New metals and superconductors from ionic liquid gating
One of the central goals of condensed matter physics is to tune the properties of solids by applying external stimuli. One very promising method is to change the density of charge carriers. Ionic liquid gating, as an emerging and enabling technique, is able to raise the carrier doping limit by orders of magnitude over that of traditional solid gating. Owing to such high doping capabilities (up to 1015 electrons or holes/cm2), ionic liquid gated field-effect transistors have been extensively exploited as powerful platforms to induce various exotic physical phenomena, including insulator-metal transition, gate-induced superconductivity , and the occurrence of cross quantum capacitance . On the other hand, given the concurrent existence of complex electron-electron interaction effects, the underlying physical mechanisms of such intriguing phenomena remain elusive.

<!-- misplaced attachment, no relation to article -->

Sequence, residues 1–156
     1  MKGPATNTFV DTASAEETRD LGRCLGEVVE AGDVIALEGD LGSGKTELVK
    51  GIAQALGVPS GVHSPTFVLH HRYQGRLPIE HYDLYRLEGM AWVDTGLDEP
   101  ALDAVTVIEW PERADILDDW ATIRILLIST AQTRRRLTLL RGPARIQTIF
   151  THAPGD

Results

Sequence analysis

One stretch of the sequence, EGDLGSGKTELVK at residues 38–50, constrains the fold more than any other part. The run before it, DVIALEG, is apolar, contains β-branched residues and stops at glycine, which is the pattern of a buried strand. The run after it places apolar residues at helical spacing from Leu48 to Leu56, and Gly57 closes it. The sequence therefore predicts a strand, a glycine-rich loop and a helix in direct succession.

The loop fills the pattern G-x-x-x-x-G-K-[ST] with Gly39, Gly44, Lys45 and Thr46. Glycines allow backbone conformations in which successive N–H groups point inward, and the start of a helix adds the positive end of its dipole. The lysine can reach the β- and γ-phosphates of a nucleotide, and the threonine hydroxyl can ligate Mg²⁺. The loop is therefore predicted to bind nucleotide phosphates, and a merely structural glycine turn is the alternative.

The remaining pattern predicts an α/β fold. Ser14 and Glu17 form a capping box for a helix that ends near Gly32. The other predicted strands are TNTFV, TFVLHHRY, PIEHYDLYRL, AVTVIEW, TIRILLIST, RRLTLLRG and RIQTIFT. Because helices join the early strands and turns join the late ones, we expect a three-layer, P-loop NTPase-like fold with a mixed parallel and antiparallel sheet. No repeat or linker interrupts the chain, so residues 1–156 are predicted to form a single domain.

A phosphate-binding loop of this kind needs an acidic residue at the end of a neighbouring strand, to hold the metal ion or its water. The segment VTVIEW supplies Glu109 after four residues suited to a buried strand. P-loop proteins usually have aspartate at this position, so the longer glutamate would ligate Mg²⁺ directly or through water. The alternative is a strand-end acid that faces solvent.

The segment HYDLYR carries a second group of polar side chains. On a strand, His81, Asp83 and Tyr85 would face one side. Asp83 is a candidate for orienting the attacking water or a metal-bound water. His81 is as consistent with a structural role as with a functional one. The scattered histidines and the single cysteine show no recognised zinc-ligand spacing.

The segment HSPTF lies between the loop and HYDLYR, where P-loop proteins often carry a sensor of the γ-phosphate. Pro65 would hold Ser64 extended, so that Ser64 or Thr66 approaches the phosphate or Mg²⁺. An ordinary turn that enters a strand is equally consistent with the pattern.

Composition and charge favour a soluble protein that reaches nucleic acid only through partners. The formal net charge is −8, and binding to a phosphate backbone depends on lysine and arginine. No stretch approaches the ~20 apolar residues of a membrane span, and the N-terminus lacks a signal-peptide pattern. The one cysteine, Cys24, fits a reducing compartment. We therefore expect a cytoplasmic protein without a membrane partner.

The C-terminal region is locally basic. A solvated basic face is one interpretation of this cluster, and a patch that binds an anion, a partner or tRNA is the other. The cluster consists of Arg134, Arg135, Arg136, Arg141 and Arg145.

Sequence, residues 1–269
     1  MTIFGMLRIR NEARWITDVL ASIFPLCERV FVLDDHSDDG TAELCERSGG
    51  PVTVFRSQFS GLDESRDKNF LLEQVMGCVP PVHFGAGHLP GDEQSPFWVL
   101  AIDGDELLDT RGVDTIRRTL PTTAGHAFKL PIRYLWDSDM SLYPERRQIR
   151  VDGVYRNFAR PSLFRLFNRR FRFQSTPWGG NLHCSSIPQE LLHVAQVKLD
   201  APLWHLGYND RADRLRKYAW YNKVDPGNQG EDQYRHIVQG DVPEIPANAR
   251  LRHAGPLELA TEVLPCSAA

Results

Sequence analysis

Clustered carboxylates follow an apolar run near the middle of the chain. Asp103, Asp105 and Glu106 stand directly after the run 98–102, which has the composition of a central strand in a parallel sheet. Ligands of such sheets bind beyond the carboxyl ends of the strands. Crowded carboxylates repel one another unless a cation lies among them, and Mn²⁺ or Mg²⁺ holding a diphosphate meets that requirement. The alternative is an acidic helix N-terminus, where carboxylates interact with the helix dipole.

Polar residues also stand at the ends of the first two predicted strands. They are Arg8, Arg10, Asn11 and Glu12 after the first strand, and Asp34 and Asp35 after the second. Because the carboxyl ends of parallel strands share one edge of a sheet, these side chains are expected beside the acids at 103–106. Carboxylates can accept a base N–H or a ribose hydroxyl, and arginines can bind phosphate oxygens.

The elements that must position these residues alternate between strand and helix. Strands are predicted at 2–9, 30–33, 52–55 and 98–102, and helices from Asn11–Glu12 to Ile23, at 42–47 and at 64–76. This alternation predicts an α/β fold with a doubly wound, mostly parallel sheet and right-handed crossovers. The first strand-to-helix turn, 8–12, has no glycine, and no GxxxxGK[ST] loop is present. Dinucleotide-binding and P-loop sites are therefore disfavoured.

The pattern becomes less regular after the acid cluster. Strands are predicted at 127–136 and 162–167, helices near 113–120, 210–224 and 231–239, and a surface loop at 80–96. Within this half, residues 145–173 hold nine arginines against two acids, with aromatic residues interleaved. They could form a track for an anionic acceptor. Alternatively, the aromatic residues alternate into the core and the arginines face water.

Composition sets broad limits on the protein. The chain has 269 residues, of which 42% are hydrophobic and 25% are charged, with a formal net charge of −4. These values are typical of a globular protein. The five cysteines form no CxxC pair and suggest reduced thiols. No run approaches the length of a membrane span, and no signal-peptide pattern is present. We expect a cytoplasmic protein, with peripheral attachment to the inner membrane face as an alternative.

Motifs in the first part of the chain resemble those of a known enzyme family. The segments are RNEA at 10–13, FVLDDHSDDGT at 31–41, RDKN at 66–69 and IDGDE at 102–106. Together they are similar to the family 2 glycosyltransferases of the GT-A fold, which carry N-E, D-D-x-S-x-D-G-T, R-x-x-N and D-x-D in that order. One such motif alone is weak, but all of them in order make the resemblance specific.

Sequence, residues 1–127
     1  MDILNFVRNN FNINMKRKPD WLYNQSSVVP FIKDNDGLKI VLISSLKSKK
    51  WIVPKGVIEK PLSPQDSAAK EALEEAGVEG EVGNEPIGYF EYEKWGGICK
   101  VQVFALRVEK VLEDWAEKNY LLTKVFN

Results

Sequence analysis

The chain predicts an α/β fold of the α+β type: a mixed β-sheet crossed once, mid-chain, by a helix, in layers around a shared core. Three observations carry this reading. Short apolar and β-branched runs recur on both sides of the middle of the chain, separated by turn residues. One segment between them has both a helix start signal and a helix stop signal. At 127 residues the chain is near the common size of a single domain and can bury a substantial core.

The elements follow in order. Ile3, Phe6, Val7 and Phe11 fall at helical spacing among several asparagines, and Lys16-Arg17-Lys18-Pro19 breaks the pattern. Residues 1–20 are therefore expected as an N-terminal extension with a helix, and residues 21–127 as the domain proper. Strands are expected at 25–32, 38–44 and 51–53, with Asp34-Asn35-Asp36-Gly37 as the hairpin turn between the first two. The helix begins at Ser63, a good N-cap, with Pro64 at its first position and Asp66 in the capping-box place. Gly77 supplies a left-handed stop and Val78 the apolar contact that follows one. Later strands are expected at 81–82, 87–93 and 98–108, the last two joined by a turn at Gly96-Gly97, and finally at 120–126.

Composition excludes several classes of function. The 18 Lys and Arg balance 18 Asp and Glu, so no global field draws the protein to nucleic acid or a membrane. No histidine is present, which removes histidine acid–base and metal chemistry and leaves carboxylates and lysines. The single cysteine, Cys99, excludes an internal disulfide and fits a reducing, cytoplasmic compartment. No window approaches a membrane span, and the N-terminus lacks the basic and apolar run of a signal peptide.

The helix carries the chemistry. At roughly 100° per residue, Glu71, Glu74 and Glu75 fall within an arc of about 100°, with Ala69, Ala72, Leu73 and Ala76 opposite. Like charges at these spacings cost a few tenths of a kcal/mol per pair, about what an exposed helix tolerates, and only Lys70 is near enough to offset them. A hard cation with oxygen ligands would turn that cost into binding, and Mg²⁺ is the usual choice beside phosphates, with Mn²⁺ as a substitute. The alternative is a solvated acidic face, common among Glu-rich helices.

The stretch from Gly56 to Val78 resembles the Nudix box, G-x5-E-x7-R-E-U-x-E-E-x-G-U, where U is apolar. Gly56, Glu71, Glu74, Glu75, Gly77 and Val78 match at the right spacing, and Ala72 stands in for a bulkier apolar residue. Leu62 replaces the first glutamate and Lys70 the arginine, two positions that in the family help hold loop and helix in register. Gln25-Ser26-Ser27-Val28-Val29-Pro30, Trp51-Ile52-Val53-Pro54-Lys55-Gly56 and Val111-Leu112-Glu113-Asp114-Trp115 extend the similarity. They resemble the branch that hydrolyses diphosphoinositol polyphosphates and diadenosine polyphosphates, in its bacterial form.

In this project, you will exploit ionic liquid gated field-effect transistors to search for interface-based new metals and superconductors from otherwise intrinsic semiconductors and semi-metals. Specific systems may include two-dimensional (2D) or quasi-2D delafossite oxides and copper-based high temperature superconductors. The aim of this project is to understand how the electron-electron interactions play a vital role in these correlated electron systems. A more ambitious aim is to gain new insights into the superconducting mechanisms of the high temperature superconductors and beyond, including potentially discoveries of new superconducting platforms for topological quantum computing.
This project would suit a student with a background in solid state physics or material science, who is interested in nanofabrication and performing transport measurements at low temperature. The majority of the experimental work will be performed at MPI CPfS Dresden, in close collaboration with St Andrews.